Bad joke on households: What do you get when the federal reserve prints dollars like never before, the federal government spends like a drunk at a bar with someone else’s credit card, and “green” idiocy prevents drilling and pipeline construction?
Tell me it’s not true!!
Brazil, the world’s biggest coffee grower, is facing the risk of frost after hail this month, raising the prospect of a 40 percent jump in bean costs after Kraft Foods Inc. and J.M. Smucker Co. already increased prices.
Arabica beans have already jumped 24 percent this year on signs demand is outpacing supply. The shortage will be 6.2 million bags in the crop year starting in October, according to Rabobank International. Kraft, maker of Maxwell House coffee, raised prices three times last year. It estimated in February that North American commodity costs would increase $700 million to $800 million this year, or about 1.5 percent of 2010 revenue.
Well, this is what happens when central banks create money from nothing.
In the past few months, American workers, consumers, and businesses have experienced a sudden and dramatic rise in gasoline prices. In some parts of the country, gasoline costs as much as $4 per gallon. Some politicians claim that the way to reduce gas prices is by expanding the government’s power to regulate prices and control the supply of gasoline. For example, the House of Representatives has even passed legislation subjecting gas stations owners to criminal penalties if they charge more than a federal bureaucrat deems appropriate. Proponents of these measures must have forgotten the 1970s, when government controls on the oil industry resulted in gas lines and shortages. It was only after President Reagan lifted federal price controls that the gas lines disappeared.
Instead of imposing further restraints on the market, Congress should consider reforming the federal policies that raise gas prices. For example, federal and state taxes can account for as much as a third of what consumers’ pay at the pump. The Federal Government’s boom-and-bust monetary policy also makes consumers vulnerable to inflation and to constant fluctuations in the prices of essential goods such as oil. It is no coincidence that oil prices first became an issue shortly after President Nixon unilaterally severed the dollar’s last link to gold.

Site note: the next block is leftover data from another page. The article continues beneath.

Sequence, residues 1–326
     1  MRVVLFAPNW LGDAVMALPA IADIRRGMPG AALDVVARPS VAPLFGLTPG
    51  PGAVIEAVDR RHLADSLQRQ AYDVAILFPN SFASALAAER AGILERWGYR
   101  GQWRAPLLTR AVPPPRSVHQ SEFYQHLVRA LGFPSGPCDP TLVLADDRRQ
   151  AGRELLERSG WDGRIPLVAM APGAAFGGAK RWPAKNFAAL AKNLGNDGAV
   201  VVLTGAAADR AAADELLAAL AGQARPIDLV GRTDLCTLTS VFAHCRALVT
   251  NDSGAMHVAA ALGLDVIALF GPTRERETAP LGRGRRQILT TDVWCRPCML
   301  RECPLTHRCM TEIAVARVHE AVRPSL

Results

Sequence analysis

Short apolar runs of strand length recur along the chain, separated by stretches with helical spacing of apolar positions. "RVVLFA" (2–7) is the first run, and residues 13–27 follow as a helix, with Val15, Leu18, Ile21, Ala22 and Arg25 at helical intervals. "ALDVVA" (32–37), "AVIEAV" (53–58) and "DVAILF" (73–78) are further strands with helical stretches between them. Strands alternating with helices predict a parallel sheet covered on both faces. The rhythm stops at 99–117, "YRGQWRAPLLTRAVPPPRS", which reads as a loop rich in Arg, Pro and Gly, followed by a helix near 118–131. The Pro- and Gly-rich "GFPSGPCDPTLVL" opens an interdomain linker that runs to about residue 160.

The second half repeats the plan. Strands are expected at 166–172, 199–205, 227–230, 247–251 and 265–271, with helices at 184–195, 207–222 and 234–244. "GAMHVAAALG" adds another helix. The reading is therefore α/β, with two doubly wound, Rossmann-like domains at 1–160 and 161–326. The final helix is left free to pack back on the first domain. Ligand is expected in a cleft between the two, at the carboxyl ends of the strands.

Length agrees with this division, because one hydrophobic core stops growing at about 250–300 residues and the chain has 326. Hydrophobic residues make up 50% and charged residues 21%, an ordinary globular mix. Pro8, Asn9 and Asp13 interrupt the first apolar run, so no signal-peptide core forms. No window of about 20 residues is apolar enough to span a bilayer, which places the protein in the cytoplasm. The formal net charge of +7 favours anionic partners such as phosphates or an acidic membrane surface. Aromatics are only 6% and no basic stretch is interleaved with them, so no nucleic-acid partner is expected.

Basic economics says that when government restricts the supply of a good, the price will increase. Yet Congress continues to reject simple measures that could increase the supply of oil. For example, Congress refuses to allow reasonable, environmentally sensitive, offshore drilling. Congress also refuses to remove the numerous regulatory hurdles that add to the prohibitively expensive task of constructing new refineries. Building a new refinery requires billions of dollars in capital investment. It can take several years just to obtain the necessary federal permits. Even after the permits are obtained, construction of a refinery may still be delayed or even halted by frivolous lawsuits. It is no wonder that there has not been a new refinery constructed in the United States since 1976.
In the “more dire predictions” category, Jim Juback from MSN (moneycentral.msn.com) thinks oil will continue its price rise. He sites geology and geopolitics. I often read his columns and they are quite good on the whole.
He omitted what I believe to be the major cause of this, and other, inflation. Government central banks producing huge quantities of fiat currency.